The numbers still add up
Hugh Young of Aberdeen Asset Management argues that investors should take more note of Asia’s exceptional retail prospects.
Did you know that Chinese online shoppers spent some $5.7 billion on a single day in November last year; that more and more well-heeled Indian consumers prefer to buy their tea from a pharmacy; or that urban Thais visit a hypermarket at least once a week and spend around half their monthly bills on groceries?
For most of us this is information reserved for a pub quiz, but for fund managers these are valuable insights into consumer behaviour that reflect some of the changes that have occurred in Asia over recent years.
China’s meteoric rise has changed the world, from the price we pay for consumer goods to the global demand for natural resources, and even the flow of international capital. Much has been written about how policymakers in China are promoting domestic consumption as a future driver of growth, but in fact the nation’s consumers have been flexing their muscles for some time.
E-commerce-crazy China also happens to be the world’s biggest smartphone market with 98.8 million sold in the first three months of this year alone. The country is the world’s biggest car market and, with India, vies for the title of the world’s biggest market for gold.
However, it’s easy to get overly fixated on China. India is another country where reform is on the agenda and where a growing urban middle class is changing the way people spend their money. This is important because people who live in cities tend to earn and spend more.
While only three in ten Indians are classified as ‘urban’ in census statistics, urban consumers account for more than 70% of the market for so-called ‘fast-moving consumer goods’ (FMCGs). These consumers are developing new patterns of retail behaviour.
For example, pharmacies have emerged as the fastest-growing ‘old economy’ sales channel for FMCGs. Chemists attract a more upmarket customer who seems to prefer buying packaged teas, fruit juices and healthy foods from a man in a white lab coat.
Elsewhere, the ten-nation Association of Southeast Asian Nations, better known as ASEAN, has developed into something resembling a single market of some 625 million consumers. This has helped the region to emerge quietly from China’s giant shadow.
There has been a shift away from raw materials extraction towards economic activities further up the value chain. Where China talks of rebalancing, ASEAN has mainly found a happy medium of exporting and recycling wealth at home in the form of growing consumer demand.
Incomes have grown from a low base and there is a huge pent-up demand for housing, consumer durables, transport and banking services. Populations, as is common throughout the emerging markets, are young.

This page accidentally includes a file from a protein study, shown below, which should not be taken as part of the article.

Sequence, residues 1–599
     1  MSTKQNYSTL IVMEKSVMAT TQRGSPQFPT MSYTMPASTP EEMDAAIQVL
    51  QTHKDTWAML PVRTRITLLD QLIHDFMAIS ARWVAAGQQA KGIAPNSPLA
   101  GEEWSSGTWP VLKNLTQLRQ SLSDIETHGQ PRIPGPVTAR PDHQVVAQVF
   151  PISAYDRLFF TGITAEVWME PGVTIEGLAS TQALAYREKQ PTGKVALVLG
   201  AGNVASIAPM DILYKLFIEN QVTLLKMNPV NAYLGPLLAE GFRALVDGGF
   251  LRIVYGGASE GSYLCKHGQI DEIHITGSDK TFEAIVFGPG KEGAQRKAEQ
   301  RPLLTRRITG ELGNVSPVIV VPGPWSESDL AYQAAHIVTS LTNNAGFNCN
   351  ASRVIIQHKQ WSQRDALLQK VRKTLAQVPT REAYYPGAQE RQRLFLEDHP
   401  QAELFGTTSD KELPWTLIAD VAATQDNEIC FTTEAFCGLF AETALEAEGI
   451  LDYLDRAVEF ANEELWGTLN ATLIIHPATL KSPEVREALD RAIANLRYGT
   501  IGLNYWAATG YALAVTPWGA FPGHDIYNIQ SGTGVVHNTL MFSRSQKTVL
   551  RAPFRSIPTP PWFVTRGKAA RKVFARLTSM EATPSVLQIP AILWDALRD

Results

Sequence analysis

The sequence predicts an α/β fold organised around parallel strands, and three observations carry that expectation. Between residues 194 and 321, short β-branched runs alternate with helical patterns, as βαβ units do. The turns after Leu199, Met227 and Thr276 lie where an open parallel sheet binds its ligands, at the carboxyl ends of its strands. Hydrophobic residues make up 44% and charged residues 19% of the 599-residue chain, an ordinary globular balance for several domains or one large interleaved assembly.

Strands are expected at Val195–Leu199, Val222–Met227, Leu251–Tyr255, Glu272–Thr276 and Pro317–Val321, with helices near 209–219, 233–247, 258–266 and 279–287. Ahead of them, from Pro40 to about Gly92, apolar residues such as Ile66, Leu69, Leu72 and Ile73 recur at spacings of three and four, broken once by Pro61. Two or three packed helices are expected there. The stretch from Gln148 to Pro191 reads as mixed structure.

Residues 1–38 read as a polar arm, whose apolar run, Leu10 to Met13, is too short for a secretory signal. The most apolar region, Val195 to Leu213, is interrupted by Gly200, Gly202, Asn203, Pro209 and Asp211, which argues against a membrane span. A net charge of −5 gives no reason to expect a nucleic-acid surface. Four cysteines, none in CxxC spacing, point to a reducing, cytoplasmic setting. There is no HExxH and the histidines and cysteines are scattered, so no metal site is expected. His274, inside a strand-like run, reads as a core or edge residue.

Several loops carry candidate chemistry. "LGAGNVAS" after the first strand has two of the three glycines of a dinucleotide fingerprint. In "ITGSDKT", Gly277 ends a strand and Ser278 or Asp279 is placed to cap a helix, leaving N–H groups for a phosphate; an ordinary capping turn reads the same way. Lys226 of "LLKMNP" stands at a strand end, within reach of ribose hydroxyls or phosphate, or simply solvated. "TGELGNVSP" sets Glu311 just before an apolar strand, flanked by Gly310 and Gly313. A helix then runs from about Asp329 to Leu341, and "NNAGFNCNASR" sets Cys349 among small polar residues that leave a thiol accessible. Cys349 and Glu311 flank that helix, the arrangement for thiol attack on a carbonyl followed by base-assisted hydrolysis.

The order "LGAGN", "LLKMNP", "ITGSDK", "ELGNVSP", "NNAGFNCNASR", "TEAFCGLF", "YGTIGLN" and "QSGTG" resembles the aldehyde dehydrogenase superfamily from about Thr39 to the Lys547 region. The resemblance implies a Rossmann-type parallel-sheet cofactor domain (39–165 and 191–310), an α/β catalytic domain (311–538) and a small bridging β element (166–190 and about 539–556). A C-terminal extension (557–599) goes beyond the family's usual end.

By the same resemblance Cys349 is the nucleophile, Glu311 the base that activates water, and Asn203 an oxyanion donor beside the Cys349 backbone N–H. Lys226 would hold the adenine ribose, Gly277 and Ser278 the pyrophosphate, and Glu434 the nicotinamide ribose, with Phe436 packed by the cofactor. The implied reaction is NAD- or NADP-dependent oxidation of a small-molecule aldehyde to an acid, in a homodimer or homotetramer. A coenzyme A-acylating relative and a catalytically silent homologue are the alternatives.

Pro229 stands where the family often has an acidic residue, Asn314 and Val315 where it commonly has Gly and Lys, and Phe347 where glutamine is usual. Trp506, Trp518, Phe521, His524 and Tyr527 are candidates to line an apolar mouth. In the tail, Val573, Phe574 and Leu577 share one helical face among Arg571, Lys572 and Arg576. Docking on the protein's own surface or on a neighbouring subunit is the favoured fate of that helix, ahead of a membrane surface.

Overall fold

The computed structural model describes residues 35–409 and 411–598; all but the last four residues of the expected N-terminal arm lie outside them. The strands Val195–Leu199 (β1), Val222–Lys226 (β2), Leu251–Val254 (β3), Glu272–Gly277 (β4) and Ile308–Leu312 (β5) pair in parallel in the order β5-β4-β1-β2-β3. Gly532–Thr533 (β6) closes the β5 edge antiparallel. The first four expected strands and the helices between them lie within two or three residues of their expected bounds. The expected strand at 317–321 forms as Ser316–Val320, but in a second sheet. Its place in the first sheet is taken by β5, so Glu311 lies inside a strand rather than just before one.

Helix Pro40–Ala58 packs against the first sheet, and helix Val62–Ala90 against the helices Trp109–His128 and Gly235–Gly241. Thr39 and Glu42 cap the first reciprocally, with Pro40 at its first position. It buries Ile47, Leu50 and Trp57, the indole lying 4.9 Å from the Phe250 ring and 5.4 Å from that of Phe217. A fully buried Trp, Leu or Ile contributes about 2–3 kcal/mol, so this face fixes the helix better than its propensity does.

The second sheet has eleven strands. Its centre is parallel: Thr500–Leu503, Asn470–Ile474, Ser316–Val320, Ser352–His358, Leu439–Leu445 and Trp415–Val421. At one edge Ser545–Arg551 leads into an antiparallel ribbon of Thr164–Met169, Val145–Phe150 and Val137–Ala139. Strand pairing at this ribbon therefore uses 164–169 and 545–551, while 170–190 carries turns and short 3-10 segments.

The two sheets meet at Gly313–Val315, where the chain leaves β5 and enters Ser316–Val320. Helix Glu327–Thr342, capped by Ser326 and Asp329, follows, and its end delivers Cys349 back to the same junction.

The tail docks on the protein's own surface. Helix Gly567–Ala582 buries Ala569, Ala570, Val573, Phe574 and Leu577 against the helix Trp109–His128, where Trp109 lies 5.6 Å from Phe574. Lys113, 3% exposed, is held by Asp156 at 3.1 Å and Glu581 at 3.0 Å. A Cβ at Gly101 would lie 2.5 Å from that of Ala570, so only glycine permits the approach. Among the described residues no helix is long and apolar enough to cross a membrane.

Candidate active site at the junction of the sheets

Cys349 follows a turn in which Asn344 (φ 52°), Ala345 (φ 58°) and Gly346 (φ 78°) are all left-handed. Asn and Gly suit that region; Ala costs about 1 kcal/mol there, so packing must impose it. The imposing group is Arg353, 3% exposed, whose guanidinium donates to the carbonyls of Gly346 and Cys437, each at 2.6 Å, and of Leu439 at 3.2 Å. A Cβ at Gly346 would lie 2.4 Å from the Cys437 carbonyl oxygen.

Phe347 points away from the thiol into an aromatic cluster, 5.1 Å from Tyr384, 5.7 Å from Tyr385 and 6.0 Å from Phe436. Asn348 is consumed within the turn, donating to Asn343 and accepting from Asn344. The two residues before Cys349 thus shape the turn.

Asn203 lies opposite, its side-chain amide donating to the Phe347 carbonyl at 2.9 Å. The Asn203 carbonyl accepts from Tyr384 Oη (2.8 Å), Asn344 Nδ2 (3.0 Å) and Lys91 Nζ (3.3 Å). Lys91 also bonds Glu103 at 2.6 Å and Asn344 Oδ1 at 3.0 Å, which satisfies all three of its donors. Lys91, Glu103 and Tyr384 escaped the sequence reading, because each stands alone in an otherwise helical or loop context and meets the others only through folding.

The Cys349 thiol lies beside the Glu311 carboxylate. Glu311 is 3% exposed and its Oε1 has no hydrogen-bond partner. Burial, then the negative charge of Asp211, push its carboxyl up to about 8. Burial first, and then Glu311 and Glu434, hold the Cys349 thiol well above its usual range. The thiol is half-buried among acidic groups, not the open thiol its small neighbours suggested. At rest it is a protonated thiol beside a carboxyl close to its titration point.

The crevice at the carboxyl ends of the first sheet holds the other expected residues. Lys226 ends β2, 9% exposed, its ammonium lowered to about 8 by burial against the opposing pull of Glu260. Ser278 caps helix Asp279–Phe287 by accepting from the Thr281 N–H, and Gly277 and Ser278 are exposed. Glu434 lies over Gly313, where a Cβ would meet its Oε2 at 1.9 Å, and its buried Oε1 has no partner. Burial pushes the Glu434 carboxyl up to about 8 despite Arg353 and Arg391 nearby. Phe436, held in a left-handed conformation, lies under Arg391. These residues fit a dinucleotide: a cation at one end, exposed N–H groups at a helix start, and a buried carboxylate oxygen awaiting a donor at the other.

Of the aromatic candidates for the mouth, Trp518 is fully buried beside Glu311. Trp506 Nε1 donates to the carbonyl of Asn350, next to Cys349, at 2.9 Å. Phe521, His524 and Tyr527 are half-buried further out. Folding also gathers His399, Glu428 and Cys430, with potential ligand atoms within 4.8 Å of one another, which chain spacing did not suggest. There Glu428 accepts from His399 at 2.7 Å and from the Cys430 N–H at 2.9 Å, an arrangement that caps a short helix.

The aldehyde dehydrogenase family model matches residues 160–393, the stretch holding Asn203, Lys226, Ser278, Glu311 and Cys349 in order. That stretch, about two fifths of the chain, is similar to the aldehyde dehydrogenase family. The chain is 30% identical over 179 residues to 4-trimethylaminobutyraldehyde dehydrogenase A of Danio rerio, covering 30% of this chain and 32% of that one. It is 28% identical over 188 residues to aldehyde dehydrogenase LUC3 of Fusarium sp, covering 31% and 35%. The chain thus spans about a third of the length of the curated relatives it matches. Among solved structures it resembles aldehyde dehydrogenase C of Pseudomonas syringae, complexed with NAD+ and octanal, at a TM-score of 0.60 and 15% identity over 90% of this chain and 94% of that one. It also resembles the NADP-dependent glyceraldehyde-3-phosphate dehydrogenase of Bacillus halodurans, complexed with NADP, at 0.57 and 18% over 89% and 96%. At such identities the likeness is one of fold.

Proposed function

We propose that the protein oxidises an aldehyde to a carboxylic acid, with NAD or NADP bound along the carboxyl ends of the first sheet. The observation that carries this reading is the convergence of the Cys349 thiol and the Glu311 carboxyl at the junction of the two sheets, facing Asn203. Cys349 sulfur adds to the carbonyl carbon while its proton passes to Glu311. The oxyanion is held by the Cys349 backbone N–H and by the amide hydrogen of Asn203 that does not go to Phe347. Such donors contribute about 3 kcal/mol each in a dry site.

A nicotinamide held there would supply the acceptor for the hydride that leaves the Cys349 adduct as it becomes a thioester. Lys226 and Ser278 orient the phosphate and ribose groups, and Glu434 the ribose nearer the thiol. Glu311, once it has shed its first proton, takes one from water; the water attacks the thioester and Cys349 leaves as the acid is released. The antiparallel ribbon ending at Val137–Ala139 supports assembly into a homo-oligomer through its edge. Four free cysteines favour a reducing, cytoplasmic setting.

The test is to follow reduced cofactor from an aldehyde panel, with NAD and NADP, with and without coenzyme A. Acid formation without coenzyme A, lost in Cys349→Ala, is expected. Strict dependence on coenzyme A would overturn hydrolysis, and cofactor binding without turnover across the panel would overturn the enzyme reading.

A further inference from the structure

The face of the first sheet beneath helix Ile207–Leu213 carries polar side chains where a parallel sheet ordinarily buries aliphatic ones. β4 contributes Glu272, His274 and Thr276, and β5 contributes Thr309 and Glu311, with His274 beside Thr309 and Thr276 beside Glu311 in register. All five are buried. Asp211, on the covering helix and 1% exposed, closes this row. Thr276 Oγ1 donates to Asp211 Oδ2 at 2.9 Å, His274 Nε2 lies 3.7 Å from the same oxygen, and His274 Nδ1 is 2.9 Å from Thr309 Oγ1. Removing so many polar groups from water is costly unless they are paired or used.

Domestic consumption accounts for around 70% of economic growth in the Philippines, and has done so for some time, according to Jaime Augusto Zobel de Ayala II, chief executive and chairman of Ayala Corp, the country’s oldest conglomerate. Remittances from overseas Filipinos have been a strong driver of middle income consumer markets such as telecoms, real estate and other services.
Meanwhile, the investment case for Indonesia, ASEAN’s biggest member, is closely tied to its population of 254 million people. Over half of all Indonesians live in cities and 300,000 more each year do so.
What makes all this even more attractive to us is that consumer businesses aren’t subject to stifling government controls, as tends to be the case with more ‘strategic’ sectors such as defence, utilities or aviation. Therefore competition exists and innovation can follow.
Asia is struggling to regain momentum in part because of its reliance on Chinese demand. While growth rates are still higher than in other parts of the world, corporate earnings are falling, which may affect jobs and wages.
However, there are lots of people in Asia who are getting richer. Many have a disposal income for the first time in their lives and want to spend this money; and the most successful companies have already figured out a way to tap into these fundamental changes. While Asia must overcome many immediate challenges, an investor would do well to remember the longer-term trends that are changing the lives of billions of people across the region every day.
Hugh Young of Aberdeen Asset Management is the manager of the St. James’s Place Far East fund. The opinions expressed are those of Hugh Young and are subject to market or economic changes. This material is not a recommendation, or intended to be relied upon as a forecast, research or advice. The views are not necessarily shared by other investment managers or St. James’s Place Wealth Management.
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